Protecting Yourself and Others from Sexual Harassment at Work

I feel compelled to share my thoughts about recent events related to sexual harassment. Like many of you, over the past couple of weeks I have seen a flood of #metoo statuses. I have also read numerous deeply personal stories of sexual harassment experienced by family members, friends, acquaintances, and strangers. Every story impacted me profoundly and broke my heart. Unfortunately, I am not surprised in the slightest by the ubiquity of the problem.

I have a unique perspective on this issue because my job, in large part, is to help those who have experienced injustices in the workplace. Throughout my legal career, I have represented many employees and heard countless firsthand stories of sexually harassing behavior at work exhibited by managers, co-workers, and (as we have seen with Harvey Weinstein) high-ranking executives.

Sexual harassment occurs in the vast majority of workplaces in the U.S., and despite the increasing awareness regarding its pervasiveness, it will continue to happen. Social reform takes years, if not decades, and we are a long way from creating real and lasting change. In the meantime, what practical steps can you take to protect yourself if you are the victim of sexual harassment at work? Here are a few tips:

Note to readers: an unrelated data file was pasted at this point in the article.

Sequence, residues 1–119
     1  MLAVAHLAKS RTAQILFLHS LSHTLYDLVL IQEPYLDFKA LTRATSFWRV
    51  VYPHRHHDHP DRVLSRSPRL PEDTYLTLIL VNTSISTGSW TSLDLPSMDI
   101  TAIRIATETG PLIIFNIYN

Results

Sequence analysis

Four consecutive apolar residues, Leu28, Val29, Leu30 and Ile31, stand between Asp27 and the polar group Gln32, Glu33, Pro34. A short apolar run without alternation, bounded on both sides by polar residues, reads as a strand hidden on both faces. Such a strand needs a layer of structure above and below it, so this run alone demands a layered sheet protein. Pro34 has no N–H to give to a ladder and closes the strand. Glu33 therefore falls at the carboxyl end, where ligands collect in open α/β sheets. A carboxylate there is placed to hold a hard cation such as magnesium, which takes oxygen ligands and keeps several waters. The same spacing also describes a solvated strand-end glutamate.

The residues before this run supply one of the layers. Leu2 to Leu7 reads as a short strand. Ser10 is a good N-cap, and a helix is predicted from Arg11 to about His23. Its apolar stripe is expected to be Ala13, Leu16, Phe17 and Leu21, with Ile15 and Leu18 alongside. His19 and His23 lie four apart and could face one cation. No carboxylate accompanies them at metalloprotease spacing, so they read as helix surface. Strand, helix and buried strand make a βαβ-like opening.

1. Document It.

    After every instance of sexual harassment, send yourself an email (on your personal email account) describing what happened, what was said, and how it made you feel. Ideally you should do this when you get home on the same day the incident(s) occurred. Keeping a journal also works, but I prefer emails since they are automatically date and time stamped. Experiencing sexual harassment is traumatic, and most human beings tend to suppress traumatic memories as a natural defense mechanism, so I appreciate that re-living the sexual harassment through writing may be the last thing you want to do. But it may also be the most important step you can take to protect yourself. The reason is simple. Other than witnesses, consistently documenting the harassment is the best way to prove to someone that you are telling the truth. Contemporaneous note-taking establishes credibility and creates written evidence. If you decide to take action, your credibility and evidence are of the utmost importance. Over time, your memory will fade; you may forget all of the details or mix up dates and times. Note-taking will prevent this from happening and will help you tell a consistent and persuasive story when you are ready to do so. Furthermore, if you have been harassed through text messages or emails, screenshot them, print them out, and store them in a safe place at home.